Your teeth should be a naturally opaque white or yellowish colour. However, you may notice that the edges of your teeth look a little lighter. They may even look slightly transparent. This is a feature that helps the smile look more natural.
But, a problem for other people is that instead of only the edges looking a bit transparent or translucent, it becomes visible for most of the tooth surface. This is where it becomes a concern.
Read on to learn more about transparent teeth and how your dentist at Cosmedica Dental can help treat them.
What causes transparent teeth?
Translucent teeth indicate weak or lost enamel.
The enamel is the strongest substance in the body. This coats the tooth surface and protects your teeth from bacteria and decay. It is also so resilient that it can withstand heavy biting and daily chewing.
However, even though enamel is a tough substance, several reasons may cause it to break down. This results in enamel loss or enamel erosion, causing the teeth to become transparent.
Transparent teeth are one of the signs of enamel erosion, and this can be caused by:
Acidic foods and drinks
One of the worst enemies of your tooth enamel is acid. Acid rapidly breaks down the tooth enamel, speeding up enamel erosion and leading to transparent teeth. So, if you are fond of coffee, tea, sodas, or citrus, you may be more vulnerable to translucent teeth as these have high acidic content and will cause acid erosion.
Aside from acidic foods and beverages, stomach acid may also worsen the condition of your teeth. If you suffer from acid reflux or reflux disease, stomach acid regurgitates up to the mouth to affect your teeth. This is incredibly harmful because the pH of stomach acid is at a critically low 1.5, and enamel wears at 4.5.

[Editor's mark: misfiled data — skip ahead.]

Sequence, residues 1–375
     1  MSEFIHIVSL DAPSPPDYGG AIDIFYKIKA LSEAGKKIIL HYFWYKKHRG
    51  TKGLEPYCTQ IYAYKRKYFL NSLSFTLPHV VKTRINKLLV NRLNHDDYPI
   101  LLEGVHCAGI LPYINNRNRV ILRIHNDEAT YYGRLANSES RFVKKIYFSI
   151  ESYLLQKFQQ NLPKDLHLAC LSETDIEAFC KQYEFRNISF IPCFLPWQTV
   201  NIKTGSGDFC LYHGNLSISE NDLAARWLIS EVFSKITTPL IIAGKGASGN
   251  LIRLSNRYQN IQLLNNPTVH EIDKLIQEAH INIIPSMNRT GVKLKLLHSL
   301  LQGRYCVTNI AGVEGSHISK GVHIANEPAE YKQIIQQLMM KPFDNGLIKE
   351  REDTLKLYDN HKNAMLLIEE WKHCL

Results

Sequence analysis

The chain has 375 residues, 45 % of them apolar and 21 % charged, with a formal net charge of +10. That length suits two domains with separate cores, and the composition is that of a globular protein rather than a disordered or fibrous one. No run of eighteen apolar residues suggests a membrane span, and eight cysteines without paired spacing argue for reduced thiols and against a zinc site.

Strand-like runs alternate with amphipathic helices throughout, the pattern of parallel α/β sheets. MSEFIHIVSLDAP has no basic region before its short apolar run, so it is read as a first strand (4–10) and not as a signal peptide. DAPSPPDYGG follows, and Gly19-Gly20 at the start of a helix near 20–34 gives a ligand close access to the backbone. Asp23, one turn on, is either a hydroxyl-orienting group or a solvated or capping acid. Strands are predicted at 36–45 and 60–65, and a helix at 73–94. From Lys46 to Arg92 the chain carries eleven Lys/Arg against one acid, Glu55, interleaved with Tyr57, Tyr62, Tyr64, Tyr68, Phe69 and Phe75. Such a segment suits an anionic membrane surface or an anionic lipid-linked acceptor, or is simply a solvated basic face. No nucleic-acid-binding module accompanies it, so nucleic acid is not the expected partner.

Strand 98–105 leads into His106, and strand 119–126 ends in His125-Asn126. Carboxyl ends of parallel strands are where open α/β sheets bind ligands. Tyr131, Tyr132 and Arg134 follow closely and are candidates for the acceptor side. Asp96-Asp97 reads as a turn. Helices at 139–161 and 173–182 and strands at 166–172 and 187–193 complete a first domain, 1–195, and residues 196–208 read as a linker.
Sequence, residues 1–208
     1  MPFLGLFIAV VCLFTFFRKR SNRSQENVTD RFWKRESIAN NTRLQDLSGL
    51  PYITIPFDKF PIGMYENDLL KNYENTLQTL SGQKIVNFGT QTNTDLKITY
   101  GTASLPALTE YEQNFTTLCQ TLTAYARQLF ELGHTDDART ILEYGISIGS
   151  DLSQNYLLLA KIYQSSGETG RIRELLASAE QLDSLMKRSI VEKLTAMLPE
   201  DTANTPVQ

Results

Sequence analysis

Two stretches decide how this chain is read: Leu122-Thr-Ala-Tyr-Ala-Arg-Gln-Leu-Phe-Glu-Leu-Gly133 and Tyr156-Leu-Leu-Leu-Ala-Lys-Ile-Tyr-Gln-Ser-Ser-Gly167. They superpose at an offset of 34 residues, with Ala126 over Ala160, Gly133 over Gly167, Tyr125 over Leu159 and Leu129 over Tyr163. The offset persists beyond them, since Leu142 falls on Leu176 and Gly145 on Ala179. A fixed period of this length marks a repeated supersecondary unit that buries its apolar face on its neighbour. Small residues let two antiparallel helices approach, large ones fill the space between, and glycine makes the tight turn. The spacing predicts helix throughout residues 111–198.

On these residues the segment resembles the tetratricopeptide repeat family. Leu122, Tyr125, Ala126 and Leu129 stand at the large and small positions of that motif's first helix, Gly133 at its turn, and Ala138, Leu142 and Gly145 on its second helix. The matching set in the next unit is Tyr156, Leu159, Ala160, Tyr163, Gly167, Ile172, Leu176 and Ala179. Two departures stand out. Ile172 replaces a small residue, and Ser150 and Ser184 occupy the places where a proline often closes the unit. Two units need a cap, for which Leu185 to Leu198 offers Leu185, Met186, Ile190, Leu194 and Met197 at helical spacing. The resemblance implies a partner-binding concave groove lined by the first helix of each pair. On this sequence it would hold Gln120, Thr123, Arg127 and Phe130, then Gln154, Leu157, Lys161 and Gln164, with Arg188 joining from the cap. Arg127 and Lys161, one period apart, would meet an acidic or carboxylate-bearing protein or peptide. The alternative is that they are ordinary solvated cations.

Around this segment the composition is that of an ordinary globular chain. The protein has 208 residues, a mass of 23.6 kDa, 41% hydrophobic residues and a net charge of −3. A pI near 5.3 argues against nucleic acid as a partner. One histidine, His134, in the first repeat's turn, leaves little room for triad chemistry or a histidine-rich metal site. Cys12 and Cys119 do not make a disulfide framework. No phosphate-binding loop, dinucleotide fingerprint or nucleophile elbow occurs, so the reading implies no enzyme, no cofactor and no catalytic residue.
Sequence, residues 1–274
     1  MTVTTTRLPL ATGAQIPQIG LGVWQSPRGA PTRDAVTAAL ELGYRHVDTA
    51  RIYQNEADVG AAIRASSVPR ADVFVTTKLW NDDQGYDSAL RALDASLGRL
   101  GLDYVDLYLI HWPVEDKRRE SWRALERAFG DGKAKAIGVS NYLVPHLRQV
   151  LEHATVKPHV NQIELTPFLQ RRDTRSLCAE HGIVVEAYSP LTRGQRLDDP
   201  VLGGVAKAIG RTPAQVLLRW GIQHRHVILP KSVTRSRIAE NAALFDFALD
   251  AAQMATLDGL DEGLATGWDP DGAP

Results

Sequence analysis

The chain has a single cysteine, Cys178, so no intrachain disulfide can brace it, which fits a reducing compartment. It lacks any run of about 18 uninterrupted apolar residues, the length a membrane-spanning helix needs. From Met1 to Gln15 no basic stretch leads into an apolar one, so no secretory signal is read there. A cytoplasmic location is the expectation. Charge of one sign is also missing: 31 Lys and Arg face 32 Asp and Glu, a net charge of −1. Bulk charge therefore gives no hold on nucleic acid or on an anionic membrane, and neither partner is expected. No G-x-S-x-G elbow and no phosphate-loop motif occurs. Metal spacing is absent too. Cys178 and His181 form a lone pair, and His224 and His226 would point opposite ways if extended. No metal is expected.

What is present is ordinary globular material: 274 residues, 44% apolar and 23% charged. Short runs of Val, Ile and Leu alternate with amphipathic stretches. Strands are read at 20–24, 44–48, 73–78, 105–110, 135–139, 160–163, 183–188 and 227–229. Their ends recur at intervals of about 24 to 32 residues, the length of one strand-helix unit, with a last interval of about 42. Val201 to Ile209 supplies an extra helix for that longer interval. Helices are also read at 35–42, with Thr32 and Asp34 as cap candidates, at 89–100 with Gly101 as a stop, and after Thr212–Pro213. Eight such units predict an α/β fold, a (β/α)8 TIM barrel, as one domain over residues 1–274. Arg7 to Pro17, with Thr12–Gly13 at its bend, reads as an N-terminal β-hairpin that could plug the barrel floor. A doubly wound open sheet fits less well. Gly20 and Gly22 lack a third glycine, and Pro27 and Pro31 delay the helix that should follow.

If you are suffering from alcoholism or bulimia or are pregnant and dealing with morning sickness, the acid from vomiting may also cause enamel erosion.
Meanwhile, some people simply do not have enough enamel content on their teeth. In enamel hypoplasia, the enamel did not mineralize to harden and protect the teeth. This results in a very thin enamel coating, making it look like they have transparent teeth.
This is an autoimmune disease where your body attacks your tissues at the intake of gluten. Because of this, people with celiac disease are unable to take in the proper nutrients. A common sign of this disease is transparent or discoloured teeth.
How to treat transparent teeth?
Thin and transparent teeth need urgent treatment to prevent complications such as significant tooth damage and discolouration.
Depending on the extent of the enamel loss, our dentist at Cosmedica Dental may recommend one of the following:
This is a simple procedure involving the use of composite resin material. Composite is layered over the area of concern and is hardened to help with structural and aesthetic restoration. Bonding is the ideal procedure for small to moderate enamel erosion.
Porcelain dental veneers are protective shells that effectively camouflage cosmetic concerns like translucent teeth. They look natural and feel lightweight, so you can be more comfortable showing off your pearly whites.
If a larger tooth structure is involved and the tooth is already fragile, investing in a dental crown is better. This is a stronger and more reliable treatment to fully revitalize the strength and function of your tooth.
Need a Smile Fix For Transparent Teeth?
If you have transparent teeth, schedule a visit with your dentist immediately. They will assess the concern, identify the cause, and provide the most suitable treatment to restore your smile and oral health.
The dentists at Cosmedica Dental are ready to help! Contact us and let us discuss your smile options. 🙂
FAQs – Translucent Teeth
No. There are several options to fix transparent teeth. But, they should be checked and treated as soon as possible to prevent further loss of enamel that may result in a more complicated treatment.
Unfortunately, transparent teeth cannot be reversed with just toothpaste. Your dentist must remove decay and reinforce the teeth with stronger material (veneers or crowns) to prevent further damage.